Feature Gems & Gemology, Season YYYY, Vol. 00, No. 0

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Figure 1. The cluster specimen weighing 1114 g and measuring 119 × 126 mm. Photo by Lai Tai-An Gem Lab.
Figure 1. The cluster specimen weighing 1114 g and measuring 119 × 126 mm. Photo by Lai Tai-An Gem Lab.

A client recently submitted for identification the piece shown in figure 1, assuming it to be a natural mineral specimen. It weighed 1114 g, measured 119 × 126 mm, and contained colorless transparent to semitransparent crystals. Eye-visible inclusions as well as numerous tiny crystals and some minute powdered material were seen around the cluster’s base.

Figure 2. Magnification revealed obvious fluid and two-phase inclusions within the crystals. Photomicrograph by Lai Tai-An Gem Lab; field of view 4.60 mm.
Figure 2. Magnification revealed obvious fluid and two-phase inclusions within the crystals. Photomicrograph by Lai Tai-An Gem Lab; field of view 4.60 mm.
Figure 3. A peak at 3584 cm<sup>–1</sup> in the FTIR spectrum proved the rock crystal quartz specimen was synthetic (red). In contrast, a natural quartz reference sample analyzed by our lab exhibits peaks at 3378, 3482, and 3595 cm<sup>–1</sup> (black) that were absent in the sample.
Figure 3. A peak at 3584 cm–1 in the FTIR spectrum proved the rock crystal quartz specimen was synthetic (red). In contrast, a natural quartz reference sample analyzed by our lab exhibits peaks at 3378, 3482, and 3595 cm–1 (black) that were absent in the sample.

Standard gemological testing yielded a refractive index of 1.542–1.555, a specific gravity of 2.65, and inert reactions under long- and short-wave UV radiation, properties consistent with quartz. Microscopic examination revealed obvious fluid and two-phase inclusions (figure 2). Examination by Fourier-transform infrared (FTIR) spectroscopy showed an absorbance region in the 400–1600 cm–1 range, also consistent with quartz, and Raman spectroscopy confirmed the identification. However, the most important data came from the FTIR analysis in transmission mode in the 1000–6000 cm–1 range. A characteristic peak of synthetic quartz at 3584 cm–1 (figure 3) was observed, while peaks consistent with natural quartz (3378, 3482, and 3595 cm–1) were not detected. Similar spectra were collected from the other crystals in the group, confirming a synthetic origin (S. Karampelas et al., “Infrared spectroscopy of natural vs. synthetic amethyst: An update,” Fall 2011 G&G, pp. 196–201; Winter 2015 Lab Notes, pp. 439–440).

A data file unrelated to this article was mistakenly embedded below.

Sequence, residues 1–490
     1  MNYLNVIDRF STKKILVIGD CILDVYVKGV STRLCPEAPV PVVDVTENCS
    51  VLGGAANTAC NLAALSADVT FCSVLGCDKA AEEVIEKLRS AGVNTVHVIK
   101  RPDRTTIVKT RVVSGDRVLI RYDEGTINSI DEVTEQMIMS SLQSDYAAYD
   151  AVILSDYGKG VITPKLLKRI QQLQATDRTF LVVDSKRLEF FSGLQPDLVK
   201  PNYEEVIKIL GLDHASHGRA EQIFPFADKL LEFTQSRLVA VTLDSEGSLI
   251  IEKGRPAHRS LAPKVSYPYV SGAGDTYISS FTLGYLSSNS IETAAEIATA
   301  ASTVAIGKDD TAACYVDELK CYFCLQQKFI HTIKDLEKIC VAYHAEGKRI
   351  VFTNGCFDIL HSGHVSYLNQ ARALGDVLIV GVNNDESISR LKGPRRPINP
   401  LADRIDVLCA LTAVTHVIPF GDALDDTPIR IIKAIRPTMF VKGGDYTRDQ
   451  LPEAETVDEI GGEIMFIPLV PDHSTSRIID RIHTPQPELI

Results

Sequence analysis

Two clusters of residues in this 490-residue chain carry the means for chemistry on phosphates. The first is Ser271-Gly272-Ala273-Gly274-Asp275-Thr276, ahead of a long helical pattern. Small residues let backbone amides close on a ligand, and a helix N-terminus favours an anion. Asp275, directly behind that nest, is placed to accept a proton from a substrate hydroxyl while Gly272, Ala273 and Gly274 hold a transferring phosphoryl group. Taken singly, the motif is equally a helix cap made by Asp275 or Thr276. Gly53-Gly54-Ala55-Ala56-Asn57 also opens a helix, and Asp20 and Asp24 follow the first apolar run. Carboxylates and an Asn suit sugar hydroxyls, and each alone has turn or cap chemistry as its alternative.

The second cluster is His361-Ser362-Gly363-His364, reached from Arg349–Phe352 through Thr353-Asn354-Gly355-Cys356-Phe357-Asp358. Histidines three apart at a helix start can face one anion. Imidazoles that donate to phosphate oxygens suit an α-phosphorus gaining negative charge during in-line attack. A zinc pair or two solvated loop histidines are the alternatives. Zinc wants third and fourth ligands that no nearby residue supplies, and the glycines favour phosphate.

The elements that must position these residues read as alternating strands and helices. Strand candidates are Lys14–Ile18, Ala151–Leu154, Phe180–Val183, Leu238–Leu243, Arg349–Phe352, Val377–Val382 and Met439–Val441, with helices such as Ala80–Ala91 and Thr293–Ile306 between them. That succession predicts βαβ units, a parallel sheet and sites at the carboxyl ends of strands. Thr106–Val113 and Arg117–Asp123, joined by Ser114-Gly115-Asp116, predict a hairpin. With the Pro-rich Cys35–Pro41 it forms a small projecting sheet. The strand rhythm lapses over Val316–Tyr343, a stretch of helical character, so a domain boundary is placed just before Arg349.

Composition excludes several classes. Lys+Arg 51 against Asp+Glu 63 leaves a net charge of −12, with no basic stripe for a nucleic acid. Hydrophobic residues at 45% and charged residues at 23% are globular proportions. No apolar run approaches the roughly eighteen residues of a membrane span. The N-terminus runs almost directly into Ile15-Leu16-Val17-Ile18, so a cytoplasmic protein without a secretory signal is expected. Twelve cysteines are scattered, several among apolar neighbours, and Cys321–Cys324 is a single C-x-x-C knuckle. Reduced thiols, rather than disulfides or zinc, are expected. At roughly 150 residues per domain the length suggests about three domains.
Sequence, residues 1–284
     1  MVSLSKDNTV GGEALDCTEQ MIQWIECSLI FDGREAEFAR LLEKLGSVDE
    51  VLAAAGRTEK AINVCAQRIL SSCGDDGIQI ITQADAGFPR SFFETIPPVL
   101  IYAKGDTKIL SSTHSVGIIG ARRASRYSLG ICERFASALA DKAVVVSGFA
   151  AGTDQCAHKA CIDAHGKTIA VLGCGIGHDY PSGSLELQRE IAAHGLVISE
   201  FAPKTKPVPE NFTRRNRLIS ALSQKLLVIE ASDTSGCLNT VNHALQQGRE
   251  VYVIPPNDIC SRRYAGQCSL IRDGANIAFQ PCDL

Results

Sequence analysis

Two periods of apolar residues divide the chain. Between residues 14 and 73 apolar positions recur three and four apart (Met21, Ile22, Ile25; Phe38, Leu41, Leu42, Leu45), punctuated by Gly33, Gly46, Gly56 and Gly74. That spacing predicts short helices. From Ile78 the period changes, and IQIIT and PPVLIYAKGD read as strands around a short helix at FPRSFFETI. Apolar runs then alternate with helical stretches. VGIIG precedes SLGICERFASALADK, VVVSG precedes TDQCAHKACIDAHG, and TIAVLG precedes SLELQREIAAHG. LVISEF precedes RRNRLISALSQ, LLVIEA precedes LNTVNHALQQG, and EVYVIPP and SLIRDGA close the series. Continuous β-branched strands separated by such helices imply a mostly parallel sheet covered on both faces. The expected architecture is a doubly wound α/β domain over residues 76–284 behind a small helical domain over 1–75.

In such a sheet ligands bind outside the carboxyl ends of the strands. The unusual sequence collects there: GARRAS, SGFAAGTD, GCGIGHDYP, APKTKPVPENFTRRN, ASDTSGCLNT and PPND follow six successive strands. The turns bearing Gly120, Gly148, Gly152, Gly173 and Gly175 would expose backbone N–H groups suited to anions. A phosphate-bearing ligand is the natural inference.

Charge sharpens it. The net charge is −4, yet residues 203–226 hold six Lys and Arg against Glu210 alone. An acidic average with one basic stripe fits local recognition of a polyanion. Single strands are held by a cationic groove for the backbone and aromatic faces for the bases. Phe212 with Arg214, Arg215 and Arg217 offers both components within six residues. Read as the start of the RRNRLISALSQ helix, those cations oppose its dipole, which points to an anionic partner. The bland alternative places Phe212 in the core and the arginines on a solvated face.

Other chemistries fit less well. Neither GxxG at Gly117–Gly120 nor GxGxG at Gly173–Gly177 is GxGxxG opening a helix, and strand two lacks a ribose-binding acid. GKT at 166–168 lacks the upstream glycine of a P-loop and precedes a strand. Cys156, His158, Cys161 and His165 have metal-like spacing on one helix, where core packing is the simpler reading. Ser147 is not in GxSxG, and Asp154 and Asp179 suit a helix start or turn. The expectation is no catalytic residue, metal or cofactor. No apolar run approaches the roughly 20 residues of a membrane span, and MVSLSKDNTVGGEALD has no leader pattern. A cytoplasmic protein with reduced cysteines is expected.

Figure 4. Natural quartz’s horizontal prismatic striations, relative to the <i>c</i>-axis (left, reference sample), were instead diagonal in the synthetic quartz cluster studied (right). Because striations can be faked, they should not be considered diagnostic. Photos by Lai Tai-An Gem Lab.
Figure 4. Natural quartz’s horizontal prismatic striations, relative to the c-axis (left, reference sample), were instead diagonal in the synthetic quartz cluster studied (right). Because striations can be faked, they should not be considered diagnostic. Photos by Lai Tai-An Gem Lab.

Synthetic quartz crystal clusters are not new to the market, but as the use of synthetic quartz has increased, such crystal specimens have become available on numerous online shopping platforms. Surprisingly, most of them are sold as “natural quartz clusters.” One of the common trade methods for separating natural and synthetic quartz clusters is to observe the striations on the prism faces. In natural quartz, the striations form horizontally (perpendicular to the c-axis), while synthetic quartz typically displays diagonal or triangular striations (figure 4) (Winter 2016 G&G Micro-World, pp. 425–426). This method may aid in identification but should not be considered diagnostic, since the striations can be faked.

When synthetic quartz clusters are fashioned into polished products, the potential of misidentifying them as “natural quartz” increases significantly, especially with inexperienced consumers and small-scale labs lacking analytical equipment. In such cases, the inclusion scene is almost identical to that observed in natural quartz, and the helpful prismatic face growth lines disappear. Therefore, members of the trade should be cautious when handling synthetic quartz, although the crystal clusters may be somewhat easier to identify.

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